Monthly Archives: May 2017

Hunter S. Thompson and Scratching the Surface.

Whatever the ballpoint does, it’s just scratching on the surface. ‘The voice of his generation,’ trumpeted the blurb on the back cover of a dog-eared Hunter. S. Thompson collection of letters. This sentence and its accompanying bombastic hyperbole spun my … Continue reading

Posted in Indo-China | Tagged | Leave a comment

Pedalling Taipei

Roadside insurance claims: Blood money Summer was an overripe melon that year; it dropped heavily and without warning and flattened everything beneath it. But that wasn’t unusual, here in Taipei: seasons don’t slowly fade into each other in the subtropics; … Continue reading

Posted in Taiwan | Tagged | Leave a comment

Tryin’ to Get to Mexico

Part 1: North into the Jaws of El Nino I was still cold from the night on the sodden earth and the spitting rain looked like it would wax into torrents. I got off my bicycle. “Let’s turn back south,” … Continue reading

Posted in The Americas | Tagged | Leave a comment

At the River Kwai

One-way Ticket Gracefully, a smiling, blue-shirted employee of the Royal Thai State Railway proffered a ticket over the counter. Victor Offord, gruff and unshaven, snatched it back through the semicircular hole in the Perspex that separated the two of them. … Continue reading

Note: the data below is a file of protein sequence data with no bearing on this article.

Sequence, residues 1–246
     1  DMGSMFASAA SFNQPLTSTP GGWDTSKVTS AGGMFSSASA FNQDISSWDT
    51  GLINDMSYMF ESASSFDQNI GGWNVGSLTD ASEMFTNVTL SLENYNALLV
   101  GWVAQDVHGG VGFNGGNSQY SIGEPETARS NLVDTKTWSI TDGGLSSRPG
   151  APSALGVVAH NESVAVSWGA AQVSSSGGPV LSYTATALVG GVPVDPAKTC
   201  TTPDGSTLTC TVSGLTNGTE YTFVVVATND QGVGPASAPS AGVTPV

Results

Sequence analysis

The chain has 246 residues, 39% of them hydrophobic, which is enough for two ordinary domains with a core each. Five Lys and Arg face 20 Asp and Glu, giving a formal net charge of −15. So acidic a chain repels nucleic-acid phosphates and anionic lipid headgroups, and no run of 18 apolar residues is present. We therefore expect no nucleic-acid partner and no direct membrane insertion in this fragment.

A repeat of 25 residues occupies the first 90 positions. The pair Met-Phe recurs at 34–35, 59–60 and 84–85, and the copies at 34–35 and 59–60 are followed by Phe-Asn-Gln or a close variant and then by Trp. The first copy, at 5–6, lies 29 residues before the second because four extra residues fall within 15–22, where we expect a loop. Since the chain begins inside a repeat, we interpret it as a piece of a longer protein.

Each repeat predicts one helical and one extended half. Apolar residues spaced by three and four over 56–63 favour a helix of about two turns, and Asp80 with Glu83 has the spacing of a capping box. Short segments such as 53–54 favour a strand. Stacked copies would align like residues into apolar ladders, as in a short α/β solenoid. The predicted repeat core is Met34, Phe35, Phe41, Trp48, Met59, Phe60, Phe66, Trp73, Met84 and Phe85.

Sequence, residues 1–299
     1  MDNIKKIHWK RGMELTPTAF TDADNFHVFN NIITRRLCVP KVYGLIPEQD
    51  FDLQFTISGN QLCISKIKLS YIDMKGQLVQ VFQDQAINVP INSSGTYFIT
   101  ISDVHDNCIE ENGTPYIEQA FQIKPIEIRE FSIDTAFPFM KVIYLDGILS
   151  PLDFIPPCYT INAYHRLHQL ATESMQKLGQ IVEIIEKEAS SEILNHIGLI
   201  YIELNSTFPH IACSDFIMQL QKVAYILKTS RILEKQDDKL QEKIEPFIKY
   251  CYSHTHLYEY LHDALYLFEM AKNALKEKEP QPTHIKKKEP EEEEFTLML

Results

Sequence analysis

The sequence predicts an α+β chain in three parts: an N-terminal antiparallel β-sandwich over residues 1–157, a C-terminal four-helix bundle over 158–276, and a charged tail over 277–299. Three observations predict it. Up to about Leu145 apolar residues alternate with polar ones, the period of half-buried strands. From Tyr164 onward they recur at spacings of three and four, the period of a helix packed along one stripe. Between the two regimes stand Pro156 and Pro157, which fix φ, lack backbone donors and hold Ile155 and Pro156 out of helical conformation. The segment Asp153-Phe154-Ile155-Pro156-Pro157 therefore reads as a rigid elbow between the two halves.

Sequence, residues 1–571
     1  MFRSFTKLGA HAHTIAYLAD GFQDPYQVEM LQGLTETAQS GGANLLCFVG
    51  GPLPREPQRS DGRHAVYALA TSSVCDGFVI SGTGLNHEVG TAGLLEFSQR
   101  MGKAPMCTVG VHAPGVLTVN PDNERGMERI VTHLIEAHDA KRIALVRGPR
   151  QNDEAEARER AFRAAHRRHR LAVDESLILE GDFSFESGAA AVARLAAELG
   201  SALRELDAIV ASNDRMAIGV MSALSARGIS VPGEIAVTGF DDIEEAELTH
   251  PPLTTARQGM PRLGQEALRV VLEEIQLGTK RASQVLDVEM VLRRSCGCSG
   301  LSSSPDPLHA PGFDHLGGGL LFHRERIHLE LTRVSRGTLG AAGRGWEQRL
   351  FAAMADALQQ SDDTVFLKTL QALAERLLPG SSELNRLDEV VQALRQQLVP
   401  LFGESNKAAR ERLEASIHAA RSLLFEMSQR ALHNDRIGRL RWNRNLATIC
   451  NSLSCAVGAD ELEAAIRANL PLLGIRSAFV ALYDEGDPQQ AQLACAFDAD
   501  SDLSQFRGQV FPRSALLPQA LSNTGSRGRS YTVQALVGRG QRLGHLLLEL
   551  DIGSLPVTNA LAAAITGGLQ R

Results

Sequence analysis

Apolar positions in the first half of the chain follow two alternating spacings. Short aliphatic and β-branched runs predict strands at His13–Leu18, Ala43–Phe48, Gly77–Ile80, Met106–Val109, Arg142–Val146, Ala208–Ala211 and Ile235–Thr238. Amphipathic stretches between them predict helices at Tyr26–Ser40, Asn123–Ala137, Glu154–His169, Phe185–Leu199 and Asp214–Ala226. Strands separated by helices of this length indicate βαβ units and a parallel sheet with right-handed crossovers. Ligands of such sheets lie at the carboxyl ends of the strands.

Posted in Indo-China, Short Story | Tagged , | Leave a comment

O’Keefe’s Dog Day

The company man’s GRV Corp. tie clip clanked against the smoked window of his car, a ¬†company car, as he stooped to unlock the door. He’d had the electronic key disabled after successfully copying the signal into his own home-made … Continue reading

Posted in Short Story | Tagged | Leave a comment

Paul S. Davey (writer and traveller)

Several decades ago, snow-fresh sober, I heard a chattering telling me that I needed to fix things — break through the ice and trudge off. Perhaps it was the voice of Buddha-like Marlow, Conrad’s narrator drawing me into the Heart … Continue reading

Posted in Uncategorized | Leave a comment

The Fate of Ivan Bidditch

For no other reason than a profound taste for the absurd, Ivan Bidditch liked to trace back the important events in his life and discover the preposterous coincidences on which they depended. At twelve ‚Ķ At eighteen, he landed his … Continue reading

Posted in Short Story | Tagged | Leave a comment